With more than 300 million photos uploaded to Facebook every day, storing them in a fashion that is both efficient and cost-effective is critical. To help do so, Facebook has said publicly that it’s taken the Memcached memory caching system (which typically runs in high-performance RAM) and shifted it to slower flash memory.
In order to make that happen, Facebook has relied on a flash-based cache server that’s still compatible with Memcached, which it calls McDipper. After a year of successful deployment, Facebook is finally talking about its experiences with the technology.
Since deploying McDipper to several large-footprint, low-request-rate pools, Facebook has managed to reduce the total number of deployed servers in some pools by as much as 90 percent, while still delivering more than 90 percent of get responses with sub-millisecond latencies. And how effective is it, performance-wise? “We serve over 150 Gb/s from McDipper forward caches in our CDN,” Facebook’s team wrote in a corporate blog posting. “To put this number in perspective, it’s about one Library of Congress (10 TB) every 10 minutes.”
Some of the Web’s largest destinations, including Reddit and Wikipedia, have relied on Memcached, which was designed by Danga Interactive for LiveJournal. It can cache objects and other data in a shared pool of RAM to speed up the performance of dynamic-database driven sites.
Facebook stores its folders in what it calls “cold storage.” The company’s solution is faster than, say, Amazon’s “Glacier” tape storage, but still comes with more latency than Facebook’s customer-facing Web servers. Jay Parikh, vice president of Facebook’s infrastructure, detailed the process at the Open Compute Summit in February: a cold-storage client grabs a particular file and sends it to a staging service, where it’s broken up into chunks; from there, the streaming service works with the storage-device service, which helps place those chunks into the appropriate raw storage nodes.
That’s where McDipper fits in, according to the Facebook team: there are currently two layers of McDipper caches between an end-user querying the Facebook content delivery network and the company’s Haystack software, which indexes all Facebook photos. HTTP and HTTPS requests to the world-facing HTTP load balancers within the points of presence (small server deployments located close to end users) are converted to memcache requests and issued to McDipper.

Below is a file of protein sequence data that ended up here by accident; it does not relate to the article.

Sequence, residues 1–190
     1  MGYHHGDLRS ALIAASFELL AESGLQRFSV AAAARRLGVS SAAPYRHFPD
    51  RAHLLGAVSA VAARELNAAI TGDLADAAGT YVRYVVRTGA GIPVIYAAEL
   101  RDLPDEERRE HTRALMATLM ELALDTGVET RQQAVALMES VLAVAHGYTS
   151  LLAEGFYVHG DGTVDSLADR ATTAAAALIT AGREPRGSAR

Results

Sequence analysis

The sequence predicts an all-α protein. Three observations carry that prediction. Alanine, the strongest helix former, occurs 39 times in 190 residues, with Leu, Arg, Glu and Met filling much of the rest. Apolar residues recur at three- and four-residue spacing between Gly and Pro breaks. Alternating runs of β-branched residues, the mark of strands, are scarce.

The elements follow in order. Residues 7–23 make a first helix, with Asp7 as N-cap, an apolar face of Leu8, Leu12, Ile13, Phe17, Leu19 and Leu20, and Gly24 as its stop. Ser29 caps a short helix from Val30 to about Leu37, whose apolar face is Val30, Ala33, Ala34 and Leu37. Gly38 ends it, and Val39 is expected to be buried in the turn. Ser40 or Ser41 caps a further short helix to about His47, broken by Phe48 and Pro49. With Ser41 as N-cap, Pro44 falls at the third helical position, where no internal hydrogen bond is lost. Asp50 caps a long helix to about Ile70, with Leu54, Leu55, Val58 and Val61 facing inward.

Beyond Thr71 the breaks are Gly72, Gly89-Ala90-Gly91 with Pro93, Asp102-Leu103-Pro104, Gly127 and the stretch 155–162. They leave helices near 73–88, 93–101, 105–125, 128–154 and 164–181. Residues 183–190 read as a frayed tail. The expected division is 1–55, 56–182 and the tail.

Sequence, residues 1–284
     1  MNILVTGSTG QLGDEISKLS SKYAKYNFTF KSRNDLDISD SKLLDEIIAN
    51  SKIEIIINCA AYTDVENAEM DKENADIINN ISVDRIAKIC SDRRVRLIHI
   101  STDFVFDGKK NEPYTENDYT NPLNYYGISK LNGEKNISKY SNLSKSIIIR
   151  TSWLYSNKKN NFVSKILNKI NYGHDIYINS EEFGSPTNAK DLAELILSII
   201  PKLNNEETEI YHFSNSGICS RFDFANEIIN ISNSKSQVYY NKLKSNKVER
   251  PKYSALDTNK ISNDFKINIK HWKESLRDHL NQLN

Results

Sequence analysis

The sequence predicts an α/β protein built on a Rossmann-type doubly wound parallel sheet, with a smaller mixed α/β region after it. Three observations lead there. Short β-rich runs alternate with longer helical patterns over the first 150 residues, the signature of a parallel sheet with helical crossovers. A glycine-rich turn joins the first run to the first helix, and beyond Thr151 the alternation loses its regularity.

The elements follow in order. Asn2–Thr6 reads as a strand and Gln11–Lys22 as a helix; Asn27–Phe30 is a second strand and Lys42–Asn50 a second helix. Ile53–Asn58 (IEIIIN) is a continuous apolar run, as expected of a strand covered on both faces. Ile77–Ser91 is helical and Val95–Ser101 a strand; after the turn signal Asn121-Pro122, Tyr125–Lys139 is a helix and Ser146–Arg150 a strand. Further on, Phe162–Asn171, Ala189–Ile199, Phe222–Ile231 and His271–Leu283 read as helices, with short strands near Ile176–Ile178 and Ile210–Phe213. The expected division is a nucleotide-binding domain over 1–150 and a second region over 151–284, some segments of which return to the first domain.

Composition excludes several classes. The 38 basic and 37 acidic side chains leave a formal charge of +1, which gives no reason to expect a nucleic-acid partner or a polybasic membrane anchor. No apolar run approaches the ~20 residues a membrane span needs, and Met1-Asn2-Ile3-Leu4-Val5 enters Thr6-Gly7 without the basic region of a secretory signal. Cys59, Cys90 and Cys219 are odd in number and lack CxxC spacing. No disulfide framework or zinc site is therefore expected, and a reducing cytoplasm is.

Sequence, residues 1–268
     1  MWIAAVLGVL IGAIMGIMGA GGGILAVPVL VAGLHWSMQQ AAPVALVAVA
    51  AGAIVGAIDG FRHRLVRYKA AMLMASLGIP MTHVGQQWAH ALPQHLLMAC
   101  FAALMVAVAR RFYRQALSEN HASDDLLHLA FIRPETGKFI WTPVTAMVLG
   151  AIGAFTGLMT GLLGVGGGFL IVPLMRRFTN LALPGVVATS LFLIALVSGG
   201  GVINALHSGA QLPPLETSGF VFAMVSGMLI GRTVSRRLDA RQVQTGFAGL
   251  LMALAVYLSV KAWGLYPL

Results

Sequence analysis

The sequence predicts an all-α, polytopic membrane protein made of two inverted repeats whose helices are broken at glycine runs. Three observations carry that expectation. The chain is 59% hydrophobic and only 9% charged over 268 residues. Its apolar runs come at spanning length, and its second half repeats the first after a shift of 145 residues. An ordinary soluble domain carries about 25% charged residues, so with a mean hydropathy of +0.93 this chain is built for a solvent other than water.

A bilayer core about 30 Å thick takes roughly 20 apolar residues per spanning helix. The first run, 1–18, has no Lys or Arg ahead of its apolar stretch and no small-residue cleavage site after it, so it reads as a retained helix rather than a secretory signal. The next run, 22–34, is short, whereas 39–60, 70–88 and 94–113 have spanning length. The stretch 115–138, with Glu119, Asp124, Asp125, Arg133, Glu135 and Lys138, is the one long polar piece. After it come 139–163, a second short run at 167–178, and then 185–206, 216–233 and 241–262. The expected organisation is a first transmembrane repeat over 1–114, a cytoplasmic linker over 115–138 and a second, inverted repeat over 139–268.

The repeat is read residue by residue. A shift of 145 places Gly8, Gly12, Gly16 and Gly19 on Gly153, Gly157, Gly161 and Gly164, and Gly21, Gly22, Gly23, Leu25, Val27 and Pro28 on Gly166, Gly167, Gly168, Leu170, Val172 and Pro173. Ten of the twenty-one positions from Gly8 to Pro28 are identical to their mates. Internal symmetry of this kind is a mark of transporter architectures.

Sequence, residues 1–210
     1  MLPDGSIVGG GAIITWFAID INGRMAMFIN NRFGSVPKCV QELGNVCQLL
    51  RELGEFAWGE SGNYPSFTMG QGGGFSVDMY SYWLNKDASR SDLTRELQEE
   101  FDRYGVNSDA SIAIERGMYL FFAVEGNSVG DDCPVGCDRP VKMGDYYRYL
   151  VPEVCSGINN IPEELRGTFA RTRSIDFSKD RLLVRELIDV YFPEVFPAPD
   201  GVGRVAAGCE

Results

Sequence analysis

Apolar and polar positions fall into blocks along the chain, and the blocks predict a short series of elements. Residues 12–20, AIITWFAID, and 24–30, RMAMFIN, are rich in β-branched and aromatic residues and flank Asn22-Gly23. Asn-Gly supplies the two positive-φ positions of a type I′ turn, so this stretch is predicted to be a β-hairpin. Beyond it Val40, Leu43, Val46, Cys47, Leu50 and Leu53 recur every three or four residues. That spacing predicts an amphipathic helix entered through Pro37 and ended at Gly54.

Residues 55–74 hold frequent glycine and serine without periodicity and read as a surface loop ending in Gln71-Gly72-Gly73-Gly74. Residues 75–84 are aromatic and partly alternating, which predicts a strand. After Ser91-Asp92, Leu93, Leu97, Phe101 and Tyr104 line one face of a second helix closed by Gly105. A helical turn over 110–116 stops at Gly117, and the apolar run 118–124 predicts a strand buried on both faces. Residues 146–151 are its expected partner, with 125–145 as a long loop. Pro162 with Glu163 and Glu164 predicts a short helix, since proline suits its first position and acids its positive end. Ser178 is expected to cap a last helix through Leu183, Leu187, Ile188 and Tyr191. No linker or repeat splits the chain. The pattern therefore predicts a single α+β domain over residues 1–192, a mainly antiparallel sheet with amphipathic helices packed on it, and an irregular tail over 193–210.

When those requests miss, it’s off to a similarly configured, second layer of McDipper cache instances, located in or beside a set of “origin” load balancers. Should the origin cache also miss, the request is forwarded to Haystack, Facebook said.
All of the photos are stored in flash, with the associated hash bucket metadata in memory. “This configuration gives us the large sequential writes we need to minimize write amplification on the flash device and allows us to serve a photo fetch with one flash storage read and complete a photo store with a single write completed as part of a more efficient bulk operation,” Facebook said.
Facebook also suggested it had to accommodate any issues that cropped up, such as values written twice in quick succession. Occasionally, the older value would arrive last, meaning that the wrong value would overwrite the correct one. Facebook implemented a delayed delete command, preventing any new value from being set until the delete delay had expired.
Facebook maintains an open pointer into the flash device, sequentially writing new records. When enough “dirty” records or collected, another long sequential write is kicked off, resulting in long sequential writes and random reads, or gets.
Storing photos might not be as complex as collating them via the dedicated hardware powering Graph Search, but it’s still an enormous problem. Unfortunately, Facebook engineers haven’t said whether or not they’ll open-source the McDipper solution, so other Web companies will have to solve this problem on their own, at least for now.